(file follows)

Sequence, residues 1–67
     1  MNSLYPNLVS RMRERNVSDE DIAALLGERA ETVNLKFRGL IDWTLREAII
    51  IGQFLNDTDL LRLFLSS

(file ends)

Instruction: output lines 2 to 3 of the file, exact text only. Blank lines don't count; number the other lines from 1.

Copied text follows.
     1  MNSLYPNLVS RMRERNVSDE DIAALLGERA ETVNLKFRGL IDWTLREAII
    51  IGQFLNDTDL LRLFLSS